19 Apr What to Do in a Dental Emergency?
We know dental emergencies can be painful and often frightening, but we are here to help and make every effort to see people in discomfort or pain quickly. Some situations are more urgent than others, for example:
- Severe toothache
- Gum or facial swelling near the affected tooth
- Jaw injuries
- Knocking out or loosening a permanent tooth
- Bleeding that fails to stop after applying gentle pressure for fifteen minutes
If you do lose a tooth, store it in a little milk and come and see us immediately as we might be able to save the tooth. Swelling affecting your mouth or face can be relieved using a warm saltwater rinse made by dissolving a teaspoon of salt in a mug of water. However, you must still see a dentist urgently as you could have a severe infection that may even become life-threatening.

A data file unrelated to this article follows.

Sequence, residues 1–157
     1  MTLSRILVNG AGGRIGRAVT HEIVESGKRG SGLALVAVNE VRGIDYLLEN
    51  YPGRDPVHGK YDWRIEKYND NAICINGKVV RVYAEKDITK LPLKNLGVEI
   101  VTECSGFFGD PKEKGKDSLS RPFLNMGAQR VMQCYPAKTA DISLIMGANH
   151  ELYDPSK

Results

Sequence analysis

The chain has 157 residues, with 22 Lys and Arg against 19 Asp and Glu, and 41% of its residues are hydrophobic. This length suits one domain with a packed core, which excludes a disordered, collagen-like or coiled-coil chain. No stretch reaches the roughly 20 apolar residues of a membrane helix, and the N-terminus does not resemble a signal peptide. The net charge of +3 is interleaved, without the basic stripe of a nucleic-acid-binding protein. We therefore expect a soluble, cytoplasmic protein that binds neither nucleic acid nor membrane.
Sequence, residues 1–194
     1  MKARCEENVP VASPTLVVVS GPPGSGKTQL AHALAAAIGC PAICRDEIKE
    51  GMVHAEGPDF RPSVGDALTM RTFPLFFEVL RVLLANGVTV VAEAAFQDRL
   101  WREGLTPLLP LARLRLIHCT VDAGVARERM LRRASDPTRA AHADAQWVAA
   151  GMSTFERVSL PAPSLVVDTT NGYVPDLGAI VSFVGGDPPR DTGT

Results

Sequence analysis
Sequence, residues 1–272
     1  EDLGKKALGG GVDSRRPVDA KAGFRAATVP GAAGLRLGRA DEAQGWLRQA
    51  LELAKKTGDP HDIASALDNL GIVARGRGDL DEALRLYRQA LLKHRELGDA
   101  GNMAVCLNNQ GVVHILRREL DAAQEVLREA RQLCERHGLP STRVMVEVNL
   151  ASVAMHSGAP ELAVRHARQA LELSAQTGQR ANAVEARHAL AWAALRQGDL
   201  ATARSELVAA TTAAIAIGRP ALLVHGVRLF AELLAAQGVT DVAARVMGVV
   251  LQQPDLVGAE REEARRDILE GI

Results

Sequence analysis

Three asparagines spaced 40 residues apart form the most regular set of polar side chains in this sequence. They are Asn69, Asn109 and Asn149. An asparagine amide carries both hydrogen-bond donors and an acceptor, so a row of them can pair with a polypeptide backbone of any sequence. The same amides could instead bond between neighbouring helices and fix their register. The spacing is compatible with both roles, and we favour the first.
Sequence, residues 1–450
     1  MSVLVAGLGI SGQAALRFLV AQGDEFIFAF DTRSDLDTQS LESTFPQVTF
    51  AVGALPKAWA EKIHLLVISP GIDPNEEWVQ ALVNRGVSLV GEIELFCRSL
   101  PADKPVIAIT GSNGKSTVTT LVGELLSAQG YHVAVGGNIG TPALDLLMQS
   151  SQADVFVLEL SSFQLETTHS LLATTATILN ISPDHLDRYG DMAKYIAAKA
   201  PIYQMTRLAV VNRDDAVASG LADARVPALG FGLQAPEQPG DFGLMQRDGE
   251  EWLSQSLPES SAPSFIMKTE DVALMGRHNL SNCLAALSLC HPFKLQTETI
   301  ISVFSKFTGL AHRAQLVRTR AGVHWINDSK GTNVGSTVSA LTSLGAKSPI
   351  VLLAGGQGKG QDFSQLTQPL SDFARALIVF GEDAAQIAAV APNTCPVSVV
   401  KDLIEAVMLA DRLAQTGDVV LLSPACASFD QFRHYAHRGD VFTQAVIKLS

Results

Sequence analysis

Other situations might be unpleasant, but may not need emergency dental care and include:
- Losing a filling or crown
- Cracking or breaking a tooth where there isn’t severe pain
- Food trapped between teeth
- Damaging or breaking braces, a retainer or nightguard
We are still open for dental emergencies. Contact us for more detailed advice over the phone, and we can get you booked in to see our dentist.